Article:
14. The Wanting Mare is a soft and silent seduction, an alluring yet unfulfilling poetic fable that leaves you wanting more.
  15. Meneghetti might be a first-time director, but in his assured pace, his determination not to provide easy answers, and his ability to suggest without manipulating, his career can’t help but look promising.
  16. Despite Gashi’s strong, stoic performance, it feels like the film is more interested in inspiring its audience than it is in gleaning insight into Fahrije’s psychology.
  17. We’re All Going to the World’s Fair isn’t an exposé on internet culture or social media. Nothing about it is shocking, nor is it meant to be. That’s why it feels so real when it reaches its natural conclusion.
    • 71 Metascore
    • 83 Critic Score
    Wild Indian is a bold, anger-wreaked character study, creating a deeply unsympathetic antihero who nevertheless inspires some pity and understanding.
  18. The ingredients look enticing enough, but director Nicole Beckwith isn’t cooking with real spice. Her insular drama operates at a consistent slow burn—it has just enough steam to keep you interested without ever bubbling over into interesting.
  19. The film is equal parts lovely and frightening as it explores romantic bliss, destructive capitalism, and the significance of the subconscious state we all spend a third of our lives experiencing.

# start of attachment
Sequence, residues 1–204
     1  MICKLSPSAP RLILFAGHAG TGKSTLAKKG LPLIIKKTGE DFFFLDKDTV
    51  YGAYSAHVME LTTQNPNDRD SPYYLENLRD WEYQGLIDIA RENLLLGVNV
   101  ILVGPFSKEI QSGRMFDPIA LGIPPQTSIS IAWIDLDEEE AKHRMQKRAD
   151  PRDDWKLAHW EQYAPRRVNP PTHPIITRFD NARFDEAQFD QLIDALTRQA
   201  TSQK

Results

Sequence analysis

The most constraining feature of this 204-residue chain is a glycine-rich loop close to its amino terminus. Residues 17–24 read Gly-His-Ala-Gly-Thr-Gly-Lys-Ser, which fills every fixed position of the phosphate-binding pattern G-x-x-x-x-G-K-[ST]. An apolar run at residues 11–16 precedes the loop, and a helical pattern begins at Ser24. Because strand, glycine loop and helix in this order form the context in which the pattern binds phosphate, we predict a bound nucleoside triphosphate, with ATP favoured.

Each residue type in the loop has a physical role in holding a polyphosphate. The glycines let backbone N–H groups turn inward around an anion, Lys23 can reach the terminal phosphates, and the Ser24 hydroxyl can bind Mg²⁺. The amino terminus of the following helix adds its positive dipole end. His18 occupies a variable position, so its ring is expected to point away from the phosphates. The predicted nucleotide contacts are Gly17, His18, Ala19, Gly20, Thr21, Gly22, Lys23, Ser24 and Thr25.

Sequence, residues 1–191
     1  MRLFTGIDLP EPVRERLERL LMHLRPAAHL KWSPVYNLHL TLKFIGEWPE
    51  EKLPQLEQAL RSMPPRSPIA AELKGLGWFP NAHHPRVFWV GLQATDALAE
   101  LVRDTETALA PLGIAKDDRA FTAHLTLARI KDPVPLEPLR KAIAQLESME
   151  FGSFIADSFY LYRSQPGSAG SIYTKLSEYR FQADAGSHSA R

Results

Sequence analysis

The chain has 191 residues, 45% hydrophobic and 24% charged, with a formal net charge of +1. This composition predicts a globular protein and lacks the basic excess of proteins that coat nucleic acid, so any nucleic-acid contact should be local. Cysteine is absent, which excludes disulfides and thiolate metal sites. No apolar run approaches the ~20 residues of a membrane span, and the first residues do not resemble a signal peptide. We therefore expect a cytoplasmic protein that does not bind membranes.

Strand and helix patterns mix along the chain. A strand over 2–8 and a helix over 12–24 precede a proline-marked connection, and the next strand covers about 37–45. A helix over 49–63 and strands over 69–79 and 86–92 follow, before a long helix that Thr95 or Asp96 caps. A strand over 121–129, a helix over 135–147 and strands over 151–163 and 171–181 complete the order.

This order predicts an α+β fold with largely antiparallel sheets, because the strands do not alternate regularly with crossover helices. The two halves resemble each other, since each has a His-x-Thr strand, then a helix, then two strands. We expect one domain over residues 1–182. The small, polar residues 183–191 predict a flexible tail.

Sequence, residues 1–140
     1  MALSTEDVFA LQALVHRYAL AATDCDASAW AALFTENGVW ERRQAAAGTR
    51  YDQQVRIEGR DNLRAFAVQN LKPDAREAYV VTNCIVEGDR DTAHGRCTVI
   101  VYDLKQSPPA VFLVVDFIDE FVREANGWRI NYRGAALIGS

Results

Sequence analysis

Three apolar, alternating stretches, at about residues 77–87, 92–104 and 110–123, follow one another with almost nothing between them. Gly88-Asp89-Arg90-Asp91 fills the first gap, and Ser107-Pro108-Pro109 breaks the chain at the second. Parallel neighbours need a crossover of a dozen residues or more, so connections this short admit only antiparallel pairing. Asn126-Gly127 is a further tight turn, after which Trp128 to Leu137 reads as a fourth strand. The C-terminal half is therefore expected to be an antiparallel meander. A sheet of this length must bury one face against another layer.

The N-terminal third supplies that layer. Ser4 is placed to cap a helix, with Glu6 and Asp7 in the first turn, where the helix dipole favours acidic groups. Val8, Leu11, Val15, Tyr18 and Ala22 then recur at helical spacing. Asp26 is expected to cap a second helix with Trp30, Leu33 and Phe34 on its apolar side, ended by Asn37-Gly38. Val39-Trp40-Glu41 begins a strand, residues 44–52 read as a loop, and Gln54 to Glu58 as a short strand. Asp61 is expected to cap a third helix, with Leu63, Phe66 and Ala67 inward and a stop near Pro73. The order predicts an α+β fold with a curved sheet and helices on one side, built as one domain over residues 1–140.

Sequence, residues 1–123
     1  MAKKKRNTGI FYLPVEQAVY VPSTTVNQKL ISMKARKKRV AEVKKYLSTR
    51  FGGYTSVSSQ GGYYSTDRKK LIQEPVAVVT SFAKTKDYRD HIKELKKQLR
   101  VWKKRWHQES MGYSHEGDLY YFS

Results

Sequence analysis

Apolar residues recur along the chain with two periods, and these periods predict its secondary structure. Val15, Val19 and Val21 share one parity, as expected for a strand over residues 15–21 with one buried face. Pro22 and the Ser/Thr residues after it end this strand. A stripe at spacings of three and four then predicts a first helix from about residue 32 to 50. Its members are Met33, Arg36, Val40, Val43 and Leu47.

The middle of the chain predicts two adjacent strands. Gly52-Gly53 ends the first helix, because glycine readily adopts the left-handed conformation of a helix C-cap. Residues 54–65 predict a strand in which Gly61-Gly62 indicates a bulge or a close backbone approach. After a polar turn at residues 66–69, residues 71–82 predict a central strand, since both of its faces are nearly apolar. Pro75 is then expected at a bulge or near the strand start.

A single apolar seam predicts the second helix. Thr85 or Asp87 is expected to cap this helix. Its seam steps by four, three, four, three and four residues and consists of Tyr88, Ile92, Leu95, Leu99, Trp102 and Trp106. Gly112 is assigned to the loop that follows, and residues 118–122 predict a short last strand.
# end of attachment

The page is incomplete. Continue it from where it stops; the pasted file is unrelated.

20. R#J
    Simply because you have an idea that could be a film, that doesn’t mean that it should be a film; that’s a mantra that should be considered long and hard by any filmmaker attempting to ‘modernize’ Shakespeare. R#J stands as a warning of how wrong it can go when you try.
  21. The film is a slick affair––a little too slick. There is little subtlety here, and more would have made for a stronger film, especially when the onscreen interviewees include someone as extraordinary as Evelyne Haendel. Nevertheless, there is no denying the engaging watchability of Misha and the Wolves.
  22. A Glitch in the Matrix fits well within the canon of Ascher’s pictures, which offer a kind of creepy alternative history of popular culture as interviewees work to identify hidden structures within their lives—including one who insists on organizing time in twelve-day weeks.
  23. The loose spiritual ends don’t stitch together to produce the kind of scares that stick with you after their initial jolt.
  24. As a fully-fledged statement, El Planeta wavers about as much as it succeeds. As observational comedy with a bit of bite, it signals good things for Amalia Ulman as a filmmaker.
  25. Much like the blur of quarantine, in which days and weeks bleed into months, the movie seamlessly skips through time, following its protagonist through a collection of moments that—as portrayed in rich black and white—often feel like memories. They have just enough story to be considered vignettes, distinguished by changing facial hair and locations, and held loosely together by its restless energy.
  26. Despite a few missteps including its ambiguous treatment of female comrades in the film’s first two acts––including Hampton’s all-too-brief courtship with Debrah Johnson (played by Dominique Fishback)––Judas and the Black Messiah is mostly an uncompromising and riveting character study exploring power and oppression.
  27. You can’t deny its visual panache via immersive cinematography and production design. That it never embraces the supernatural element it teases is disappointing, but far from a dealbreaker.
  28. Lutz has composed a university lecture in its own right: educationally pragmatic and historically enlightening.